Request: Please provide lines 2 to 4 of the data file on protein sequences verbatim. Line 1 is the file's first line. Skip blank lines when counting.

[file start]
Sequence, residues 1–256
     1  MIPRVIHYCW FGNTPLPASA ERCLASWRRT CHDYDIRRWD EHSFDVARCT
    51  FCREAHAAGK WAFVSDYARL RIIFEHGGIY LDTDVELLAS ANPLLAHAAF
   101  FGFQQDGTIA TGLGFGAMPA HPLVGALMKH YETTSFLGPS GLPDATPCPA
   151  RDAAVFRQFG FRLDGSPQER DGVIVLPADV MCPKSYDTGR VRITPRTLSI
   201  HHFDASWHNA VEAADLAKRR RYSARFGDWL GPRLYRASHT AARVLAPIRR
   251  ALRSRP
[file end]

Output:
     1  MIPRVIHYCW FGNTPLPASA ERCLASWRRT CHDYDIRRWD EHSFDVARCT
    51  FCREAHAAGK WAFVSDYARL RIIFEHGGIY LDTDVELLAS ANPLLAHAAF
   101  FGFQQDGTIA TGLGFGAMPA HPLVGALMKH YETTSFLGPS GLPDATPCPA